Forest 45 - Chilean Myrtle

Luma apiculata

Luma apiculata tree. Photo not from the Arboretum Luma_apiculata flowers. Photo not from the Arboretum

Other common names

Shortleaf stopper, palo Colorado. (Spanish): arrayán, temu. (Mapuche): Kelumamull

Origin of the species name

Luma is derived from the Mapuche name; apiculata refers to the Latin word for a small point on the end of the leaf.



Date planted

November 2011


Trees of this species growing in protected areas of Chile are thought to be up to 650 years old.

luma_apiculata_chilean_myrtle_leaves. Photo not from the Arboretum

General description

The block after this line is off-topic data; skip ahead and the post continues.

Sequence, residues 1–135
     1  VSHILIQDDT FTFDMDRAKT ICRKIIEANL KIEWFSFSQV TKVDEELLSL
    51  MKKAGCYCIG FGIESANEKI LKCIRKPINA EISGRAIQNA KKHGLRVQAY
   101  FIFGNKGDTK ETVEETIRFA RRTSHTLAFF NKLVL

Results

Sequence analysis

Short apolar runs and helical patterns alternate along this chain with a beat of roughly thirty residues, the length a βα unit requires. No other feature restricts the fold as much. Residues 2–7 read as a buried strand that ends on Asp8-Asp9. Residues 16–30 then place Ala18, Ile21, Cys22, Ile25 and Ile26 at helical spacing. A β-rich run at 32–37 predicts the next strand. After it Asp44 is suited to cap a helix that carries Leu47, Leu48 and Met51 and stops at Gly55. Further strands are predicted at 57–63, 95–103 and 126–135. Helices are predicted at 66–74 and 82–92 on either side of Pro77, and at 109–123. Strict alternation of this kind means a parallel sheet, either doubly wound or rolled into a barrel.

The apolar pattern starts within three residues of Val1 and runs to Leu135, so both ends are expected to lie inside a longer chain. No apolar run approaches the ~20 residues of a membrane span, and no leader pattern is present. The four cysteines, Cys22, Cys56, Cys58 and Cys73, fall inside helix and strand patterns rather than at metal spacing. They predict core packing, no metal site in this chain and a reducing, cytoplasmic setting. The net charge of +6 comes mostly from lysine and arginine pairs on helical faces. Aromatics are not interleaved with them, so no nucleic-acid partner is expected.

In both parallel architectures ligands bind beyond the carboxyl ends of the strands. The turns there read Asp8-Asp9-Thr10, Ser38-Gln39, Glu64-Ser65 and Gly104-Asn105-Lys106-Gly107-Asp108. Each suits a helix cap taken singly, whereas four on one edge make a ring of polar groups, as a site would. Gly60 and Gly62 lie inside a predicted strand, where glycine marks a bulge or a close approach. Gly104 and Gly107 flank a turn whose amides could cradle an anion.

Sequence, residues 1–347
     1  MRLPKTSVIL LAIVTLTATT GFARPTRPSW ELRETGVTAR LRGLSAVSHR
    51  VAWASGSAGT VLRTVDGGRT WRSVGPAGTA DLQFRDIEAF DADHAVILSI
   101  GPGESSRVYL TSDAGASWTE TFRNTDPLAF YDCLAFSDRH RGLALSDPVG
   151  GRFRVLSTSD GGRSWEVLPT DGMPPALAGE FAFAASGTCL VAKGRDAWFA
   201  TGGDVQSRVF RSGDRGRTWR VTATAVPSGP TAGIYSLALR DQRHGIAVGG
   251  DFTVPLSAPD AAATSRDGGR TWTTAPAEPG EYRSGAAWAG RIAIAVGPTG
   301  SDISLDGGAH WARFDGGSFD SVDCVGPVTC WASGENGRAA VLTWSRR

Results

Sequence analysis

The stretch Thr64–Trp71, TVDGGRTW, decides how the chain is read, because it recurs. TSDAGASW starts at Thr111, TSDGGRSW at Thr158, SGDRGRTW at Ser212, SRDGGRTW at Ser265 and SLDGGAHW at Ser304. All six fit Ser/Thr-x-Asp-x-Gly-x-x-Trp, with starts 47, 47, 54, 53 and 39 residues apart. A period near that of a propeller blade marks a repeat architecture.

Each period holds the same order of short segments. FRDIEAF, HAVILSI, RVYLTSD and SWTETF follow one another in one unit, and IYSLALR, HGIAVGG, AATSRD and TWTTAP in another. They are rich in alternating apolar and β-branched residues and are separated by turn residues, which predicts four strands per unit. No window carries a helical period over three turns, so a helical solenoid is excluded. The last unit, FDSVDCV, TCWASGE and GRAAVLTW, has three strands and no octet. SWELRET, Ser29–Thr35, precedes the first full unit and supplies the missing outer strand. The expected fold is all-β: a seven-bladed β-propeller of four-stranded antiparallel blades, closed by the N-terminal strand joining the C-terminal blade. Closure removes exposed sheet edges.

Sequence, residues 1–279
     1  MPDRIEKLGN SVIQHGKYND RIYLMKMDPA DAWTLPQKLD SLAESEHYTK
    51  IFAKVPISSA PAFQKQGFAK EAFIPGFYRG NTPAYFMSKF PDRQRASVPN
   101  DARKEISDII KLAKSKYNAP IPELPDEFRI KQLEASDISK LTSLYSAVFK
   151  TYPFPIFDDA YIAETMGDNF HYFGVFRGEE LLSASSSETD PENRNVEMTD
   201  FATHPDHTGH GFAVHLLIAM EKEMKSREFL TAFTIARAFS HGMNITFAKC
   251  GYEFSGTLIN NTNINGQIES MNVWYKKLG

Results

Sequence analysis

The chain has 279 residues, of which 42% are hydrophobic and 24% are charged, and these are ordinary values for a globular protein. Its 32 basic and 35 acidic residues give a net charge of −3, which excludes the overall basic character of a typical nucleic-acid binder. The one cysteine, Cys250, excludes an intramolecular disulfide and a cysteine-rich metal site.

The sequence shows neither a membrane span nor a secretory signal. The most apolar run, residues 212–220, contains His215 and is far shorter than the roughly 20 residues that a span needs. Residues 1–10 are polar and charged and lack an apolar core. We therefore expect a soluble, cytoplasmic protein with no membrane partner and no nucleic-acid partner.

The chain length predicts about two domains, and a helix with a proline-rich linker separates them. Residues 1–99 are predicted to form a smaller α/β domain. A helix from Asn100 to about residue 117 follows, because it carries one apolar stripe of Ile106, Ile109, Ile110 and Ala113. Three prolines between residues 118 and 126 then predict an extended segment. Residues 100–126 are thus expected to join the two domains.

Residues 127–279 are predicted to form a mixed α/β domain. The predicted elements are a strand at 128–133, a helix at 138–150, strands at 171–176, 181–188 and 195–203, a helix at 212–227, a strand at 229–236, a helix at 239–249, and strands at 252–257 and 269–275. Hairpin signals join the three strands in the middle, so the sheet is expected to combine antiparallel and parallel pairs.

This is a small evergreen tree. The trunk, which can seem twisted and contorted, has smooth grey to bright orange-brown bark that peels as the tree grows. It has small fragrant oval leaves and profuse white flowers. The fruit is a black or blue berry. Height 12m Spread 8m.

Natural distribution and habitat

The species is native to the central Andes Mountains between Chile and Argentina. It sometimes grows in water or has its roots in a permanent water course.

Conservation status

It is not classified as a threatened species.

Planting pattern

The centre of Forest 45 is planted in lines forming an open diamond pattern, with a double row of trees around the perimeter of the forest. An irregular pattern of plantings makes up the balance of the space.


Chilean myrtle fruit is eaten and the flowers are used for honey production. The hard wood is used for handles and furniture and is used by the Mapuche people for medicinal uses. It is also widely grown as a bonsai tree. It has become naturalised in parts of Ireland and in milder parts of western Britain.